|Home > Robots > Agrippa > April|
|Battery box bottom. Say that fast. Here I'm slicing it out of some 4mm thick carbon fiber laminate. Although I have lots of weight budget on the Agrippa I don't really see a need to unnecessarily spend it. I've already roughed the part out with the Sawzall and now I'm truing the edges with an abrasive cut-off blade.|
|A few weeks ago my boss and I were walking though a surplus yard during our lunch break. Nestled among the core memory boards and old sonar control panels were these cool shock mounts made from coiled aircraft cable. "We used these all the time in aerospace" he volunteered, pointing out a pile of commercial ones. So I thought "Hey, I have those parts at home."
So here I am building the shock mount system for the power speed controller. When you play with the heavyweights like La Machine and Blendo, rigid mounting is a liability.
|The completed assembly on the left prior to attachment of the 4QD controller board. And on the right you can see it mounted to the frame. And no that isn't a burn mark on the 4QD board, it's just a funny refraction of my flash through the polycarbonate shield.|
|The pink stuff is wire wrap keeping the power and motor wires tidy while in the routing trays. The four batteries are visible at rear sitting on that carbon composite plate. If you look carefully you'll make out two threaded rods protruding between batteries 1-2 and 3-4 - a nut snugs a special washer against the tops of the batteries, anchoring them to the composite base plate.|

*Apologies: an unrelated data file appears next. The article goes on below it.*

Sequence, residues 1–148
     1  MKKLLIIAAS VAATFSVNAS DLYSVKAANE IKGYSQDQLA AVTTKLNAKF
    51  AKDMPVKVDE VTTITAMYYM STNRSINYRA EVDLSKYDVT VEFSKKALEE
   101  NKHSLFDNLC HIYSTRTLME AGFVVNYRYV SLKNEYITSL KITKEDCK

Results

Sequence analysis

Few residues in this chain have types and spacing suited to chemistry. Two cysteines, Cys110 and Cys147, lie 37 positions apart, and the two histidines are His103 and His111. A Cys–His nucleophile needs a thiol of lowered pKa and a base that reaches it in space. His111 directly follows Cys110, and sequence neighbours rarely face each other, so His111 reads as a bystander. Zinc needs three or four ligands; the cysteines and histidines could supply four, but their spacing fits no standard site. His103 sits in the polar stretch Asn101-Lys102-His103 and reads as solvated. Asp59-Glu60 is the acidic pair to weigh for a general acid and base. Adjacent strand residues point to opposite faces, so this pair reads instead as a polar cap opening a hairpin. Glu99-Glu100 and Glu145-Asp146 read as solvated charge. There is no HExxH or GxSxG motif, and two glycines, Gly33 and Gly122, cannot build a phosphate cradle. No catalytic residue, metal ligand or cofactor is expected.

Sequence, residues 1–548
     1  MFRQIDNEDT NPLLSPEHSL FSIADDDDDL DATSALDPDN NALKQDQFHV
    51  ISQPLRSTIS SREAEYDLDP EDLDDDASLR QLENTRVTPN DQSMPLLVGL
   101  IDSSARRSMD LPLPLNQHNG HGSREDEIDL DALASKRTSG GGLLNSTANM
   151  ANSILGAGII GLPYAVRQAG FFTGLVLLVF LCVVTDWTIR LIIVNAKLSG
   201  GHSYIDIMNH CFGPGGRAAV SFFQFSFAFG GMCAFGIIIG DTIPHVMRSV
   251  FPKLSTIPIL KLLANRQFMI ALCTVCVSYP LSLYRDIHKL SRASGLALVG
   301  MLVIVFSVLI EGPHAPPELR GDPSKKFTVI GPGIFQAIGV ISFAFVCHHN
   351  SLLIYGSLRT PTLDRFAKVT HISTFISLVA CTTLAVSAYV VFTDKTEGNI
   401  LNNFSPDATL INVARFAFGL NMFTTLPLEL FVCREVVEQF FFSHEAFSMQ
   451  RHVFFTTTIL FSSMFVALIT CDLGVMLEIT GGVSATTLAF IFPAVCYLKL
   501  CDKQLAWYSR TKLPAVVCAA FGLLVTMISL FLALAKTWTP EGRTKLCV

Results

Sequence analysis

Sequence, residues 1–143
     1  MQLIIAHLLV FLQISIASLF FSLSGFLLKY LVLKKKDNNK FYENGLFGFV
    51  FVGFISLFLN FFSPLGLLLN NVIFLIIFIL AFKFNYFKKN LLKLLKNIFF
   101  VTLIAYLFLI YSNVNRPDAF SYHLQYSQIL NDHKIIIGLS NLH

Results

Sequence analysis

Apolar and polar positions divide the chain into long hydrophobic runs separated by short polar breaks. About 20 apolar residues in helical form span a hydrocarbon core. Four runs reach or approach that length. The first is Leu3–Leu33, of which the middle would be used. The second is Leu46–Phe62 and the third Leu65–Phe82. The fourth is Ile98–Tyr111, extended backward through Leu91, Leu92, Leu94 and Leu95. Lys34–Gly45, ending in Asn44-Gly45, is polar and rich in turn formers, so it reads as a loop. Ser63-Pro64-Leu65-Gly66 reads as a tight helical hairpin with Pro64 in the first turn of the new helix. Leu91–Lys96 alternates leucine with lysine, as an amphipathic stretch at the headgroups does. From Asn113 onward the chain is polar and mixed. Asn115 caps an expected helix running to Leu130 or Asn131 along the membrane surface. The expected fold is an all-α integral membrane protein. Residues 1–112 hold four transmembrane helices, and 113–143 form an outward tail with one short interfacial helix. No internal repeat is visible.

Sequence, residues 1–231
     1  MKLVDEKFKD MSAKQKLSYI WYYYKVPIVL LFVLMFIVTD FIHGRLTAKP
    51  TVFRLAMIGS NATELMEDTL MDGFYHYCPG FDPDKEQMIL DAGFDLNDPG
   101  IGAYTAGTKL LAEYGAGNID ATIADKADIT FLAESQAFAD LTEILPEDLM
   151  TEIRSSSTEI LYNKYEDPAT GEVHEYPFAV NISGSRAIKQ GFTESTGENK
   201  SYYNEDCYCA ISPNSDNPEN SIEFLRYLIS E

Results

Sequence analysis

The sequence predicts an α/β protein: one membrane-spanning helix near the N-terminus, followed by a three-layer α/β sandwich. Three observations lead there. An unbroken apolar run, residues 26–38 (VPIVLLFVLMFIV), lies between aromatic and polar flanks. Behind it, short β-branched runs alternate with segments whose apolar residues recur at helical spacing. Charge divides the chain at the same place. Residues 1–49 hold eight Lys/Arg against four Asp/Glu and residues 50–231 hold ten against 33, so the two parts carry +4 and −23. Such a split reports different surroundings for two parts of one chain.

|In the UK, Richard Torrens designs and builds high efficiency power controllers for his company 4QD. One problem though: the 4QD controllers lacked an interface to a standard R/C set.
So here, I've taken care of that. Part of the ton of work I was up to last month was designing this interface circuit to couple a 4QD speed controller to a standard RC receiver. There is some really clever firmware in that PIC controller along with the standard safety features required by Robot Wars rules.
|A significant part of this exercise was obtaining a small run of PC boards for this project. So I gave the ExpressPCB company a shot after learning of their service on the comp.robotics.misc newsgroup. Hey this is cool: you download a free program, do the circuit layout on your PC and then submit it right for manufacturing online. The boards showed up two days later, and were tops.|
|Here I'm packaging up the interface board that will run the main motor on the Agrippa. After stuffing it into this slimline box, I'll wrap it in a mouse pad and then zip-tie it to some part of the frame.|
|In my quest for cheap, I'm using a 250 lb. Warner Electric actuator that '97 teammate Dave donated to provide steering.
Now here is a steal: this is a $400 servo amp I picked up for $100 on the robotics newsgroup. It accepts reference and feedback voltages, amplifying the difference between the two to PWM drive the motor. I know this sounds a bit vague if you're not familiar with closed loop servo systems but I'll fully explain it next month when I get it all installed.
|Not wanting to make the same mistakes again this year, I'm using high current connectors everywhere, fastened by mechanical crimping. These are 45 amp Anderson PowerPole connectors. They universally mate with each other. The only downside is the need for a special crimp tool (on left.) If you want to explore these yourself, I sell wiring kits with them already pre-crimped.|
|A finally I will leave you with a quick rendering that Chris did when I asked him to design a body for the Agrippa. We may try a stainless steel-graphite lamite for the armor, just to be different. Stay tuned.|